Mind-body Medicine

Meditation is a mind and body practice with a long history of use for increasing calmness and physical relaxation, improving psychological balance, coping with illness, and enhancing overall health and well-being. Mind and body practices focus on the interactions among the brain, mind, body, and behavior. There is also a dearth of published studies on mindfulness, relaxation, and recreation activities in space settings and analog environments. For example, cognitive mindfulness is an important psychological construct that can help to promote resilience and to reduce stress in the military and in analog environments. Mindful individuals can better manage stress, reframe or recognize adverse situations, and handle a crisis or emergency. Research in non-space environments demonstrates that multiple forms of mindfulness are also associated with improved performance. Relaxation training is also a helpful tool to manage stress and to reduce anxiety. In the military, relaxation techniques are sometimes integrated into psychological training before deployment, leading to improved performance and reduced negative emotions. In the space setting, these techniques can help improve sleep, a critical variable that can itself mitigate other performance factors, particularly psychological ones. Biofeedback training could accelerate the learning process. Mindfulness and relaxation training represent important topics that could be more fully integrated into astronaut training. While relaxation exercises can be taught quickly to those who are interested, the tight schedule may not be compatible with a typical full-scale mindfulness course that comprises multiple hours and weeks. Instead, mindfulness training could be integrated with the current training modules by promoting the idea of increased mindfulness in typical activities (e.g., making a “boring” task more stimulating resulting in greater engagement and less negative reaction).

Fasting has long been known as a natural therapy that improves health and extends longevity in humans and rodents. There are a variety of fasting types such as religion fasting (fasting is a well-established practice of several major religions, including Taoism, Buddhism, and Islam), intermittent fasting, caloric restriction, water fasting or therapeutic fasting (water only), and absolute fasting (no food and water). Fasting has been used as a treatment for diabetes, obesity, and cancer in many studies. Therapeutic fasting is intended to mobilize fat for energy, rather than protein, and very low-calorie diets can mimic therapeutic fasting effects. Upon initiating water fasting (no food, only water), blood glucose levels are maintained via stored glycogen. As glycogen stores are exhausted, fatty acids and ketone bodies are metabolized to provide energy. Although glycogen metabolism also increases, it cannot provide enough energy for essential functions. Sustained fasting lowers total plasma cholesterol, low-density lipoprotein levels, and triglycerides, and concurrently elevates fatty acids. Energy for the brain, however, comes largely from ketone bodies during prolonged fasting as the brain does not generally metabolize fatty acids. Due to a higher hydrogen/carbon ratio, ketone bodies provide more efficient energy than does glucose or fatty acids. A Harvard-led international team headed by Professor David Sinclair has recently identified that the metabolite NAD+, which is naturally present in every cell of our body and can be boosted through fasting or caloric restriction, has a key role as a regulator in protein-to-protein interactions that control DNA repair.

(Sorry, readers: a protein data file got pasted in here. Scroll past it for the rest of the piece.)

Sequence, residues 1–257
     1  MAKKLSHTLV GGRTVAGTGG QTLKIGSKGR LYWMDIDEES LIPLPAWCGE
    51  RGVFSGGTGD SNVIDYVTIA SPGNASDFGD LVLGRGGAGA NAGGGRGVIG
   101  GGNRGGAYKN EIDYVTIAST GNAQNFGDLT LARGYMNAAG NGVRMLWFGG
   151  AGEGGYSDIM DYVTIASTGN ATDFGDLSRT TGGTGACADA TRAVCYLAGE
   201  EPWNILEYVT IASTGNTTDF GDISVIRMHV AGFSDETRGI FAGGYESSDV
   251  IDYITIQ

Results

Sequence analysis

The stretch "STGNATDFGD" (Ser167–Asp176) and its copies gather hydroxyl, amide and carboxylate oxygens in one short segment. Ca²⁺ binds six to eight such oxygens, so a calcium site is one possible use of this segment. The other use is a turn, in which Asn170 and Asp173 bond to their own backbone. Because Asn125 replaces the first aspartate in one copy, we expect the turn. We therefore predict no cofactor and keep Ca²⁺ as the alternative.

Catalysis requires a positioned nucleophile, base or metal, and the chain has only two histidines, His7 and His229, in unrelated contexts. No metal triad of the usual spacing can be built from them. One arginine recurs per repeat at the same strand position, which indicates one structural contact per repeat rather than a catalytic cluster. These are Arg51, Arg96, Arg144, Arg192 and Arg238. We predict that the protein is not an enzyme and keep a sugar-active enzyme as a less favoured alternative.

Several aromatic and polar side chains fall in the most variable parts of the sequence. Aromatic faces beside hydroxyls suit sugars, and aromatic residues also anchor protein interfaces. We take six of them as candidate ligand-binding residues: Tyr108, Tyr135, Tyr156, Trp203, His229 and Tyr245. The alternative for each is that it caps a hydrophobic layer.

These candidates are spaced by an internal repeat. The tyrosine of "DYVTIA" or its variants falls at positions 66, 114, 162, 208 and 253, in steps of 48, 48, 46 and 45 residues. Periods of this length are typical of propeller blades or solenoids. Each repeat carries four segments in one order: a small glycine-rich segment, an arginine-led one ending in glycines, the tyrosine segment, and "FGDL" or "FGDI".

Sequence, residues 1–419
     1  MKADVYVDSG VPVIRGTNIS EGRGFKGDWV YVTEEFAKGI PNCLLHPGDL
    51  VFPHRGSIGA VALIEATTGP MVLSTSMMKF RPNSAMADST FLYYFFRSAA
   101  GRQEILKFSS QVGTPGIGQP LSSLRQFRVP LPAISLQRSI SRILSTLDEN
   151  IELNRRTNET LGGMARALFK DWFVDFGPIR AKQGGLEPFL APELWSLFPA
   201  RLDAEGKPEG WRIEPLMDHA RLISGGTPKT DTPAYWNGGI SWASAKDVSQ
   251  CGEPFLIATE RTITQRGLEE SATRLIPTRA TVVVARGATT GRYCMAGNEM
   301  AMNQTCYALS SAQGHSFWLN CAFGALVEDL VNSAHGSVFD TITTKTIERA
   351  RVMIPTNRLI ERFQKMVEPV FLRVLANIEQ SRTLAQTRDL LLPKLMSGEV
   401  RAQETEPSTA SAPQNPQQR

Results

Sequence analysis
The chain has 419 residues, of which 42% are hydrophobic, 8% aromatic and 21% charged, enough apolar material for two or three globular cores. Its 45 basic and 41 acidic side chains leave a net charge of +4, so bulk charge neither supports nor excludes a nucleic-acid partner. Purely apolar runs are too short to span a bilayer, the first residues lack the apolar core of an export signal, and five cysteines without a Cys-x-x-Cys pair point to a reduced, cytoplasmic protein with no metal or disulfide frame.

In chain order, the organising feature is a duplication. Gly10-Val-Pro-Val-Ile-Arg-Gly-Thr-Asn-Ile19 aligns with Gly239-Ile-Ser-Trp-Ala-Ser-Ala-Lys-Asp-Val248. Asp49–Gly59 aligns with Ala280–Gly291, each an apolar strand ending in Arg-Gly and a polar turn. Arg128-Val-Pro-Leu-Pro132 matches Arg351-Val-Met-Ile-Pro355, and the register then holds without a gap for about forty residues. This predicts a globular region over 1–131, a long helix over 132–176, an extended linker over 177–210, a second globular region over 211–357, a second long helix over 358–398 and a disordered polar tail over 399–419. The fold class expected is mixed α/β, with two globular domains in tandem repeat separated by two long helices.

At NSG Biomedical Engineering lab, we are exploring the possibility of using mind-body approaches, such as fasting and meditation, for the prevention and management of hypertension, cardiovascular diseases, and stress; we are also studying the potential of mind-body practice for astronauts to maintain their best health and performance during long term space flights. Fasting and meditation can be developed as potential countermeasures for multiple risks in long-term space flight, such as radiation, inflight medical conditions (Medical), long term medication storage (Stability), and cognitive or behavioral conditions (BMed), inadequate food and nutrition (Food), and cognitive or behavioral conditions (BMed).